Dog Eases Stress, Rats Out Kids

The Lady just read me this lovely New York Times “Well” post in which Michele Hollow describes how one of my fellow canines, a Rhodesian Ridgeback named Cali, sniffs out little humans’ anxiety at a New Jersey school and then helps them talk about their troubles until they feel better.

It’s all very heartwarming, even for a tough fellow like me.  (Yes, I know I don’t look very tough, but I am.  Size means nothing.)

But lo and behold, just a few paragraphs later, we learn whose side Cali, a/k/a “Benedict Furnold,” is really on.

Cali can also detect when a student is faking. “I’ve had students come into my office saying they don’t feel well,” Ms. Butler said. “It’s not uncommon for a student to want to miss a class or a test. If Cali doesn’t signal when she sniffs them, I send them back to the classroom.”

I promised my People I would never rat them out like this, even in the extremely unlikely event they would take a sick day.  I know where my loyalty lies.*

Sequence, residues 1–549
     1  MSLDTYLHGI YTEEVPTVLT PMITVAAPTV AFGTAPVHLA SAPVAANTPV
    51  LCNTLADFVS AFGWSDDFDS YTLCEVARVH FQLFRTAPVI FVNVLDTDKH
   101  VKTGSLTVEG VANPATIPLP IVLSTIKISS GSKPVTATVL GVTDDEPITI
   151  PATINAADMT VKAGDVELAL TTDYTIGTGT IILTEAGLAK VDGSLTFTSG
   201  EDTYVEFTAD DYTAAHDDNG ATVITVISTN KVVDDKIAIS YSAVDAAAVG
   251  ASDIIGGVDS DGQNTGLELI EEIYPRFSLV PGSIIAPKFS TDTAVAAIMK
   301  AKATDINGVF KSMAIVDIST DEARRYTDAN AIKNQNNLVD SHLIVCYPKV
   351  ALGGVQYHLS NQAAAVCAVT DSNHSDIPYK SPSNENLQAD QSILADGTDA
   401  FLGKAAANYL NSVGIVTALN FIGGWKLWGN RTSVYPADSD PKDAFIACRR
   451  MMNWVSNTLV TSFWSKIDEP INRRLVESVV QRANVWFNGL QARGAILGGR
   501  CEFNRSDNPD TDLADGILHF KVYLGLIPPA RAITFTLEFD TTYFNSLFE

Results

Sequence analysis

Despite its aspects of espionage, Cali’s work is nonetheless inspiring.  I asked the Lady whether she thought I might make a career of being a service dog (I would so like to give back to the world in some way other than simply being Myself) when she brought my attention to this line from the article:

Like most service dogs, Cali is extremely quiet and unassuming.

Oh, well.

Incidentally, this story is just another example of the essential work we dogs contribute to the world (see Mr. Malcolm Gladwell’s recent comments on our contributions to national security) while cats do nothing but sun themselves and cough up hairballs.

*My loyalty lies with whoever can give me the most food at the moment.